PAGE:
March 30, 1957


Author Affiliations

Berwyn, Ill.

From the City of Chicago Municipal Tuberculosis Sanitarium, North Riverside Division.

JAMA. 1957;163(13):1135-1137. doi:10.1001/jama.1957.82970480001008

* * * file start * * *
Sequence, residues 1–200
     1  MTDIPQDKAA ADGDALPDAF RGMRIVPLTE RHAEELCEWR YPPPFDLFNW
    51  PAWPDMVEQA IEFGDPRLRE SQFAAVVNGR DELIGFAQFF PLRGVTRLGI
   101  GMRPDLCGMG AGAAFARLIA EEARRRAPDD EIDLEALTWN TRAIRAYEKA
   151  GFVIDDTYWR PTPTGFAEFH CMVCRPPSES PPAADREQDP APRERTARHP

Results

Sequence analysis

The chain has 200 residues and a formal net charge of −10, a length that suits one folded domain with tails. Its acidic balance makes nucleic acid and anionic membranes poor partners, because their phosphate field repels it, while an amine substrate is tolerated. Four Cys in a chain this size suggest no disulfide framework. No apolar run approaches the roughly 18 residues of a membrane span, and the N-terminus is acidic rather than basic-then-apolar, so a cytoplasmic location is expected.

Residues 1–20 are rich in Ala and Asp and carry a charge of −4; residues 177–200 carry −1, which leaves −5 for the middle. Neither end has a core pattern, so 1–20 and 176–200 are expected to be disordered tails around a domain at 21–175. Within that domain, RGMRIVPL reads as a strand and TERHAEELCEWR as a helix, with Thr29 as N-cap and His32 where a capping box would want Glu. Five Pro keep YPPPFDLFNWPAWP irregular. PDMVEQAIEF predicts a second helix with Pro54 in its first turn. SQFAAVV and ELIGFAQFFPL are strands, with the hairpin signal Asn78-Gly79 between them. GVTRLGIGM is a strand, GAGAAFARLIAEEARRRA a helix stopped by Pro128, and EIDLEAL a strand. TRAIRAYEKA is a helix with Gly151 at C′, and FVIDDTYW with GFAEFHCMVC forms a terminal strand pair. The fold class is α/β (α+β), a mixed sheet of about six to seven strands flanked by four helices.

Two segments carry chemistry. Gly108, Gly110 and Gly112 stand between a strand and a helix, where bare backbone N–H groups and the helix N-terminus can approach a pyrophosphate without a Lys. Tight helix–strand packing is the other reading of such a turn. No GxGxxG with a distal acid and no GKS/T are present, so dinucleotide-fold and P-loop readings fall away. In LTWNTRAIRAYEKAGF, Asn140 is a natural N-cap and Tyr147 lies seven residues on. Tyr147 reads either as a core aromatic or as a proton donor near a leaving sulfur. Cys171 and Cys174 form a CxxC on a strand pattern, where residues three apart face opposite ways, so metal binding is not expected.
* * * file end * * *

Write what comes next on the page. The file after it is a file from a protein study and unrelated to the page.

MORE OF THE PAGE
Hyperlipemia is a condition in which there is an increase of the neutral fat in the serum. If this increase is of sufficient degree, the serum may become milky in appearance. The disproportionate increase in neutral fats, rather than the absolute increase in the total lipid concentration, is responsible for the milkiness of the serum. This lactescence is due to the large size of the fat particles; an increase of cholesterol or phospholipids without an increase of neutral fat never causes milky serum. Thannhauser1 states that the designation hyperlipemia should be reserved exclusively for an abnormal increase of neutral fat in the serum, whereas the terms "hyperlecithinemia" and "hypercholesteremia" should be used to designate the increase of these lipids in the serum. Hyperlipemia is observed under a number of pathological conditions, such as lipid nephrosis, the nephrotic state of glomerulonephritis, thrombosis of the renal veins, diabetes mellitus, pancreatitis, hepatic

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